When we look back over the seven and a half years that we’ve been writing articles on the do’s and don’ts of investing, certain subjects are bound to repeat themselves.
So we thought we’d take a look back and highlight some of the most important topics:
- Why are you investing?
- What timescales do you have for your various goals?
- Only invest in what you can understand and keep it simple
- Don’t listen to the noise of picking hot stocks
- Buy & hold
- Rebalance your portfolio regularly
- Have an Investment Philosophy, not a collection of policies
Risk & Return Are Related
- What risks are you willing or not willing to take?
- What risk do you need to take to achieve your goals?
- When markets are volatile how do you react?
- What are the likely potential gains and losses on your portfolio?
- Academic research conclusively shows that active funds do not, after costs and over time, beat index funds
- Past performance is not a guide to future performance
- Beware of following the herd
- Emotions, such as fear and greed, can get in the way of a successful outcome
On these last two points, in a previous article we quoted Erik Davidson, Managing Director of investments for Wells Fargo Private Bank who said:
“In all other areas of life, we want to buy more if prices go down. With investments, people buy when prices go up.”
Trying To Time the Market
Again, in a previous post we used figures from Dimensional Fund Advisers who showed that in being out of the market, the risk is that the investor will miss the big rises that really boost performance.
As an example of how important this is, if you take the years January 1986 to December 2010, here are the annualised rates of return based on missing certain periods:
Totally invested – 10.18%
Missed best 5 days – 8.54%
Missed best 15 days – 6.46%
Missed best 25 days – 4.75%
Whereas we haven’t a clue as to future performance, what we do know is the costs of the portfolio, which act as a drag on performance.
- Buy funds at the wholesale (institutional) price, not retail
- What about legal and administration costs?
- What about trading costs when the manager buys and sells?
- What does my adviser charge me up front and ongoing?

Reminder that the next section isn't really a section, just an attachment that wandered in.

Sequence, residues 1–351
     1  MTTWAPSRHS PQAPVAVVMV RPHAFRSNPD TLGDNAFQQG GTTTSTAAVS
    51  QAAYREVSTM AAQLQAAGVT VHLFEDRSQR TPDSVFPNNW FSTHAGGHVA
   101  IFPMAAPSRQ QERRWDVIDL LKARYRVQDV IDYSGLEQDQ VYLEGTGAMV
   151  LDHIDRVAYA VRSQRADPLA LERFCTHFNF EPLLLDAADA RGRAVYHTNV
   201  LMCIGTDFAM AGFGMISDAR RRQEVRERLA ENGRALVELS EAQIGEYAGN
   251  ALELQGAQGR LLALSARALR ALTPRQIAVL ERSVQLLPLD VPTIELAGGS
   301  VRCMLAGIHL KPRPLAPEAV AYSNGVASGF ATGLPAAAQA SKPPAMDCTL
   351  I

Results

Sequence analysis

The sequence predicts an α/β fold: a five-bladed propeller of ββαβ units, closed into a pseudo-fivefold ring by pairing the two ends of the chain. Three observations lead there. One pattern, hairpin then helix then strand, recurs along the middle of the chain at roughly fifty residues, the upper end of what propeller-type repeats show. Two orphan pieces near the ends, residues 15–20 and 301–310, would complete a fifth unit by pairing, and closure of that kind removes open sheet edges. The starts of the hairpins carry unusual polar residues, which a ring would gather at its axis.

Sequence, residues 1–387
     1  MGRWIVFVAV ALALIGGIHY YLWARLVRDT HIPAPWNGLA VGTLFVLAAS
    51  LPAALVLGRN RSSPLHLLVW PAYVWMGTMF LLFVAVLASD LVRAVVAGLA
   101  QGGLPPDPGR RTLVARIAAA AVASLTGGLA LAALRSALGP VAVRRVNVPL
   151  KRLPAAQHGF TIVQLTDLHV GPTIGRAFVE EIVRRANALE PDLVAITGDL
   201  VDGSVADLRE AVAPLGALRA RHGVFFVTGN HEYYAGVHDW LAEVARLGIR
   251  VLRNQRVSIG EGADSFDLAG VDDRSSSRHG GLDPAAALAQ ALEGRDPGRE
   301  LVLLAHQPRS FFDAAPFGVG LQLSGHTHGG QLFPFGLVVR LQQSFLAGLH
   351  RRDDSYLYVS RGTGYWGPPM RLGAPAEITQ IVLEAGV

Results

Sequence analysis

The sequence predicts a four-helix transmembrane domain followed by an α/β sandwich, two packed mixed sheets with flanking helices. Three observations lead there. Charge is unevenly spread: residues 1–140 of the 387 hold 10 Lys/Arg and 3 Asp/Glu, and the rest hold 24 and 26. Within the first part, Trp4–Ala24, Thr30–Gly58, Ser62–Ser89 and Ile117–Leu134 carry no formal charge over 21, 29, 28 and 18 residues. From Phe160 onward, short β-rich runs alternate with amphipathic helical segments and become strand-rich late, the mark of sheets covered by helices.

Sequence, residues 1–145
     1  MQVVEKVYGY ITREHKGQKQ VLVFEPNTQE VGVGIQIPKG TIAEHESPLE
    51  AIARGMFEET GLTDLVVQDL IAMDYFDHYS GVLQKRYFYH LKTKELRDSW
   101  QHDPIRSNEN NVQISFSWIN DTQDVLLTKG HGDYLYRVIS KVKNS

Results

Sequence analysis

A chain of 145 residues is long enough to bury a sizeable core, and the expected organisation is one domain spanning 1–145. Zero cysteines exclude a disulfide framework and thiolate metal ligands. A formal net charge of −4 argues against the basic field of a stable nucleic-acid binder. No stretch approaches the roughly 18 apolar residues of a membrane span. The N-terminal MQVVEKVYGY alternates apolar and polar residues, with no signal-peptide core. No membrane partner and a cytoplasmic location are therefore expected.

- Annual management charges?
- What are the implications with HMRC?
- How easy is it to get at your money if you need to?
Then we come to a subject which confuses some investors…
Spreading an investment portfolio across the different asset classes is paramount when creating a truly meaningful balanced portfolio.
The basic asset classes are:
- Fixed interest
No one can accurately and certainly not consistently predict which of these asset classes will perform best in a given year.
So this being the case, and each asset class having their own risk & return characteristics, creating a portfolio is all about the proportion of one asset class to the other.
This ‘meld’ is then your asset class portfolio, and off you go.
However, sometimes when we discuss this with a new client, they will say that yes they definitely have diversification as their adviser has put them in lots of Managed Funds!
This is understandable, however it’s a major mistake.
Quite simply what this achieves is not diversification between the asset classes, but a concentration of the same type of equities!
Most Managed Funds are mostly invested in equities, and do not have a significant holding of the other asset classes.
For example, U.S. stock-market researcher Larry Swedroe found that investors mistakenly believe that it’s the number of different mutual funds they own that defines how diversified their investments are.
On the contrary, he shows that owning 10 actively managed funds that all (for example) focus on U.S. large-cap stocks, will commonly give you the same stock market exposure as a single low-cost index fund – all while incurring much higher costs!
These mistakes can really cost an investor, and it brings home the importance of investors educating themselves.
It’s really important that all investors see beyond what we would call ‘fancy marketing’. That is, companies who may sell their offering on style rather than substance.
Yes, whilst it’s important to know that the company (whether the company is a fund management company or an adviser firm) you are dealing with is professional, make sure you take the time to dig beneath the surface so that you can do your due diligence.